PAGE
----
When I think about the Santa Fe River, I think about my grandfather Cipriano Trujillo of Chimayó, whose land we inherited and plant today. My grandfather, whose upbringing was so hard that he couldn’t imagine tending the fields willingly and without the need for survival, did not pass his knowledge directly to us. The intimacy he had with the land and the water is something that my brothers and I have had to relearn after years of living and working in the city, of pot smoking, partying, and buying our food from stores. After years of disconnect, we seek to find ourselves again, my brothers and I. We find ourselves living in Chimayó. And together we are working the farm. At first we take advice from anybody who’s willing to dispense it. There are a lot of people who have an idea of what farming is about. We hire a nice boy from Vermont, Daniel, who lives with us and has an extended knowledge of organic farming—in Vermont. He struggles with the challenge of growing food at 6500 feet with little water, and we struggle with conveying to him the things about farming that we seem to inherently know. Daniel has a hard time believing us when we tell him that the native chile doesn’t need to be irrigated every day. He thinks it’s dying or suffering, but we know, somehow, that it loves the heat, loves the challenge of surviving and thriving in this climate. We are proud of ourselves, looking at our calloused hands at the end of the day, acknowledging the information that we are regaining. I like the idea that our hands are able to remember the work. Can you imagine what it would mean for the city of Santa Fe to regain this information as well? If you ask the right people, I’m sure you can still hear the stories around the Santa Fe River, learn the same lessons I’m learning in Chimayó.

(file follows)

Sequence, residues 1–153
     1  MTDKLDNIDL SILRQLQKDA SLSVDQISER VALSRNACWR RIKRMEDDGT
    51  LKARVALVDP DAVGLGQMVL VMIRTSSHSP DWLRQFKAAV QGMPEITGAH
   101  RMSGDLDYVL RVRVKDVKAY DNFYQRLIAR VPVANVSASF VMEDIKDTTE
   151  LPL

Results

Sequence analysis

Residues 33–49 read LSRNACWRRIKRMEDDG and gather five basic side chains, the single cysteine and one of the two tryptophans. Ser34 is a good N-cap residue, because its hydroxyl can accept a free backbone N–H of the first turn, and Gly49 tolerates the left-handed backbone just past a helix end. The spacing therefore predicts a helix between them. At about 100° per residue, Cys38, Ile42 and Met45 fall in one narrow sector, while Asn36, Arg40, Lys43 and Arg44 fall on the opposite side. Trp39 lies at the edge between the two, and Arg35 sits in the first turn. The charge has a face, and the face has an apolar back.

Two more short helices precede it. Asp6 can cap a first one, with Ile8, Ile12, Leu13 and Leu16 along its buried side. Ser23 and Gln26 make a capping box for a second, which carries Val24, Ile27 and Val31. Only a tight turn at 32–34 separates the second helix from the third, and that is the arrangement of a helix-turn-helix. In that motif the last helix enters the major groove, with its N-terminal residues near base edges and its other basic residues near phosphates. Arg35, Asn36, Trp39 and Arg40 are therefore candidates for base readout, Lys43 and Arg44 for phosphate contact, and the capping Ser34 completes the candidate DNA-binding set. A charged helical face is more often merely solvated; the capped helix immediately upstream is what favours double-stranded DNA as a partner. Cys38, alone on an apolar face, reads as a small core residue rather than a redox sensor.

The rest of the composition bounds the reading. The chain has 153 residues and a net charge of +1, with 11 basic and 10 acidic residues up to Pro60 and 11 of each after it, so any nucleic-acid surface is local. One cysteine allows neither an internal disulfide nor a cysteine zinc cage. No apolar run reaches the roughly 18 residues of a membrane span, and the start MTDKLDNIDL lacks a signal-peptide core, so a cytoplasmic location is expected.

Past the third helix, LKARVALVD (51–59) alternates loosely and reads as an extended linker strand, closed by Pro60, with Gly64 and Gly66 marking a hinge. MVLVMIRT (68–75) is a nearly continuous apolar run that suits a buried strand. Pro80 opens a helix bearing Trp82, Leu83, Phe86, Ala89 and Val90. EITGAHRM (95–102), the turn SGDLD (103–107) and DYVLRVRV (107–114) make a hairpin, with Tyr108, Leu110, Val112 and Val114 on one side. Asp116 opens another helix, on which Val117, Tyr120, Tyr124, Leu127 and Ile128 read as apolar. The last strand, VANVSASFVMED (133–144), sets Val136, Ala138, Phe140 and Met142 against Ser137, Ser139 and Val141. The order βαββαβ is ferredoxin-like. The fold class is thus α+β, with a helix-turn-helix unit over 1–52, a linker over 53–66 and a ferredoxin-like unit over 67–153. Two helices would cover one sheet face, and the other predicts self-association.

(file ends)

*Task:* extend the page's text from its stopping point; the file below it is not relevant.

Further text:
Can you imagine having a living river that feeds dozens of acequias, instead of just a handful of parciantes (acequia irrigators) on the Acequia Madre? If you drive down Agua Fria or West Alameda, the fields are still there, quietly waiting. They hold horses now, or a mobile home here and there, but can you imagine instead you see gorgeous irrigated fields of alfalfa or corn or chile? You see youth learning how to flood irrigate with their neighbor or grandpa. You see beautiful, large cottonwoods dotting the riverbank and owls, hawks and squirrels all making their homes in the trees. You see families and neighbors helping each other with planting or harvesting. You see chile ristras hanging outside of porches not for decoration, but because the people grew that chile and are intending to eat it once it dries. You see children running happily through the bosque, finding frogs and salamanders and getting their feet wet in the soggy riverbed. You see a community coming together, planting, weeding, harvesting. 

This traditional knowledge is not completely lost, but rather displaced by sidewalks and pavement, businesses and bigger homes. But it is still there; we still have a chance to bring it back. Imagine waking up most days to the sound of water running right outside your window.